Crooks get the shock treatment

Stun guns

SOLD: Victor Maluleke (left) convinces a customer that a pink stunt gun is for her. Photo: Mia Swart

Witsies, especially women students, are turning to tasers, or stunt guns, to protect themselves from criminals.

The stunt gun, being sold via social media, delivers “up to 2300KV (kilovolts)” of electricity in any one shot.

“You hold it against a person and it knocks them out for about 10 to 20 minutes,” said Victor Maluleke holding up the black, remote control size instrument, ready to give a demonstration.

Maluleke, a 4th year BAccSci student, started selling stunt guns and pepper-spray after a partner in his gadget supply business suggested adding the self-defence items to their offerings.

“It was a spark of genius from Simphiwe,” Maluleke said.

After about a half a year of trying out different suppliers and price models, building up a customer base and a marketing strategy on social media platform, Whats App, the sparks seem to have finally caught fire.

He is often asked about the legality of the stunt gun. Maluleka laughed: “It’s the first question most people ask.”

He said they went to the Crime Stop Shop in Benoni, east of Johannesburg and asked which products they could sell without a license, they found that the items were stunt guns and pepper spray.

Maluleke said once they were able to negotiate a deal to import the stunt guns in bulk and resell them at a lower price, sales really picked up.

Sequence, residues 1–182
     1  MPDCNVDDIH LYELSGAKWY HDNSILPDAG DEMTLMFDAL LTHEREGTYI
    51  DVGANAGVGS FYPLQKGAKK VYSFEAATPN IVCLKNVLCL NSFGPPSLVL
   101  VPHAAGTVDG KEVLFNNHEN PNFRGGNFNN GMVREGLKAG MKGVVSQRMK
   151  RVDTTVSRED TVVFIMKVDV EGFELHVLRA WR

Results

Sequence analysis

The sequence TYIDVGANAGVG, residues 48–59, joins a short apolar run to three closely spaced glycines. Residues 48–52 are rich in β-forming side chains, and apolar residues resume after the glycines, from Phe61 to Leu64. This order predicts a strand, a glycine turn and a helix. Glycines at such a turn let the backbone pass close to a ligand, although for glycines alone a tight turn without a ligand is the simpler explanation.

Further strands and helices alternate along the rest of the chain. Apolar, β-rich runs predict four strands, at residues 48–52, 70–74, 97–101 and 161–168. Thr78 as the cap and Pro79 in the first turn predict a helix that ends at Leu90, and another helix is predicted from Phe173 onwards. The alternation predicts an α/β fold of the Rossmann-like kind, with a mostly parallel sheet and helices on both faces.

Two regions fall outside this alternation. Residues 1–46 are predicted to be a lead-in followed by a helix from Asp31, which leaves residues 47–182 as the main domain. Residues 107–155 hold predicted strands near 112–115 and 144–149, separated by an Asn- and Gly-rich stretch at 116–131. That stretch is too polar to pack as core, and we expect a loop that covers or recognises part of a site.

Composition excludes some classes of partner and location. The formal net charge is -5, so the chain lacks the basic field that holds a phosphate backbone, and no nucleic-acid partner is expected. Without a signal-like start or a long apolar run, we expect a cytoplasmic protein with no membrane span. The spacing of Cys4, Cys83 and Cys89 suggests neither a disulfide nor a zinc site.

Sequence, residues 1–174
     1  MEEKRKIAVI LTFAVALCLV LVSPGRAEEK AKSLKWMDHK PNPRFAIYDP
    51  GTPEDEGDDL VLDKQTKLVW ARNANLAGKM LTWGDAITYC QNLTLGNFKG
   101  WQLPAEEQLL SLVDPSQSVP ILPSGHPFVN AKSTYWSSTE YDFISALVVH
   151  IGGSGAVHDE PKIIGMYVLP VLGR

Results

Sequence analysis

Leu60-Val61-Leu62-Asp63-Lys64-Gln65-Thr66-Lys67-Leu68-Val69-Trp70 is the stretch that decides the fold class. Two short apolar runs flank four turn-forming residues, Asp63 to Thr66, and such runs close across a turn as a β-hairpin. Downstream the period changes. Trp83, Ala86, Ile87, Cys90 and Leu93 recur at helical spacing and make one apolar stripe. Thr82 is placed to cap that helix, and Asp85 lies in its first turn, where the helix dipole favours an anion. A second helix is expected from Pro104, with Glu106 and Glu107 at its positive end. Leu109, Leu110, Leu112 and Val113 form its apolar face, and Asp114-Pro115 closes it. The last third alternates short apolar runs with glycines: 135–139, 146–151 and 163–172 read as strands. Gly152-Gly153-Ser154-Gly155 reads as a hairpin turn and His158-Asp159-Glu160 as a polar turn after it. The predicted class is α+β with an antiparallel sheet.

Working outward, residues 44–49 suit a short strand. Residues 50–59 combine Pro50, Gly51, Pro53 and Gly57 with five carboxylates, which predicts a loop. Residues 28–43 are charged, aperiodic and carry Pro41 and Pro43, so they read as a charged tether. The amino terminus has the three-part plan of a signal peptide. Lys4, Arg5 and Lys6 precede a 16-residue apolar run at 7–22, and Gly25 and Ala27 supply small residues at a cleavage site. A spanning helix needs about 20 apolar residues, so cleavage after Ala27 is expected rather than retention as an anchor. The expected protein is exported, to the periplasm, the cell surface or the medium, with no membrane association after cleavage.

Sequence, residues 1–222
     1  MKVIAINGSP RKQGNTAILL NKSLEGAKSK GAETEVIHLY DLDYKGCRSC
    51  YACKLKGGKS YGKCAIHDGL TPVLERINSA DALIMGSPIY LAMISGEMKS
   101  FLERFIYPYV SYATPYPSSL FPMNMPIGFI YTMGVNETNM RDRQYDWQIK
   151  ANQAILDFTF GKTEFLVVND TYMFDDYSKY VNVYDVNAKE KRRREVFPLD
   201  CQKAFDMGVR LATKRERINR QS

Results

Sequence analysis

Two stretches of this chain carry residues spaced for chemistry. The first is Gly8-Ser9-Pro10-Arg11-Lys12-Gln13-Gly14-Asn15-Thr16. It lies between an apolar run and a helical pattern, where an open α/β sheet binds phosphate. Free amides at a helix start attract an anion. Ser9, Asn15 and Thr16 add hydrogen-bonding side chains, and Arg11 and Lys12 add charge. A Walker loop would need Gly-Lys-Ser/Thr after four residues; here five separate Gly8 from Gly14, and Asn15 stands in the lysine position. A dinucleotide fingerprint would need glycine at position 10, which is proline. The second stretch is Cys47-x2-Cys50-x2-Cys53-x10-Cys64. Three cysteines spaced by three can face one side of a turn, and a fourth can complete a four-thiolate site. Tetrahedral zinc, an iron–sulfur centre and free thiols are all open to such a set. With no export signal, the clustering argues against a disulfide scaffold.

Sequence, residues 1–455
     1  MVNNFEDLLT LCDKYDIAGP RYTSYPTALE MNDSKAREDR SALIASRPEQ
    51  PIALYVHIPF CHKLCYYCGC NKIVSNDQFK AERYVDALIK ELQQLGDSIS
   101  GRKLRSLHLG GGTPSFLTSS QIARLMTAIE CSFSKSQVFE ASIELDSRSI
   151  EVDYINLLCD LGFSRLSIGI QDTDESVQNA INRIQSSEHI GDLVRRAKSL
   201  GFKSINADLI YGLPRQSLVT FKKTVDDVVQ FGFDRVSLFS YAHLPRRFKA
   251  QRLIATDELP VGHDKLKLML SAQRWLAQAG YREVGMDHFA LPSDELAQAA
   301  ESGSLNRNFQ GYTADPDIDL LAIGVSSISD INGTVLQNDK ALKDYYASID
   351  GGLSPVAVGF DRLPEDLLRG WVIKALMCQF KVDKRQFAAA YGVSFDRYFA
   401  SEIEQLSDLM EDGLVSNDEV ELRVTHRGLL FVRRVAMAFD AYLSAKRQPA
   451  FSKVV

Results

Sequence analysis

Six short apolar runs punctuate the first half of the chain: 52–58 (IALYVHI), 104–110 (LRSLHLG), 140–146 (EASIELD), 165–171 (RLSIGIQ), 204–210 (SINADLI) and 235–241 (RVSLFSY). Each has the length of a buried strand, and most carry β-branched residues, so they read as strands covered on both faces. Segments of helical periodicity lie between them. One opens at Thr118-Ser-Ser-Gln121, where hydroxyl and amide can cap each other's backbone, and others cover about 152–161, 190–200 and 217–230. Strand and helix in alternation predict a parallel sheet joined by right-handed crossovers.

“We sell them at R190. We give discounts to people who buy in groups and [to] referral purchases… We’ve sold about 150 since about April.”

The growing popularity of the stunt guns and pepper sprays come in the wake of recent crime surges at universities in Joburg.  In the past week, a University of Johannesburg (UJ) student was kidnapped on campus and tied up in the boot of her car. On Tuesday evening another UJ student was shot in chest in an attempted robbery.

[pullquote]Last week there was a mugging outside The Nunnery on Jan Smuts Avenue. It is only one of numerous cases of mugging and cellphone snatching[/pullquote] that have seen Wits join up with a private security company to patrol the areas around campus.

Students speak

When Wits Vuvuzela spoke to women students and asked them whether they owned self defence weapons, or were planning buying any, the answers varied.

1st year BSc (Biological Sciences) student Zoë Miller said she did not own any weapons, but that she would “scream and fight back” if attacked.

Fellow 1st year BSc Sandile Mkhize said owning a weapon was “dangerous because someone could use it against you”.

“If something [did] happen to me I would think about [owning a taser] but not now,” Mkhize said.

Nonjabulo Buthelezi, 2nd year Social Work has not been a victim of crime before, but bought the stunt guns because she wanted to protect herself.

“There were cases of robberies near Wits. I just want to take extra precaution.”

Heather Martens, 2nd year BA Fine Arts, said she had learnt to be aware of her surroundings, as well as basic self defence from a “woman’s perspective”, since taking up Tai Chi last year.

Martens said as a Fine Arts student she was required to walk around Braamfontein and the Johannesburg CBD.

Martens said the most she would consider buying was pepper spray.

“If you’re walking confidently, people will be wary of attacking you.”

Maluleke admitted the stunt guns and pepper spray he was selling were “not that popular yet”, as they were in the United States or Australia, or even in Johannesburg’s northern suburbs.

“It’s not an ultimate solution but it gives you an option,” Maluleke said.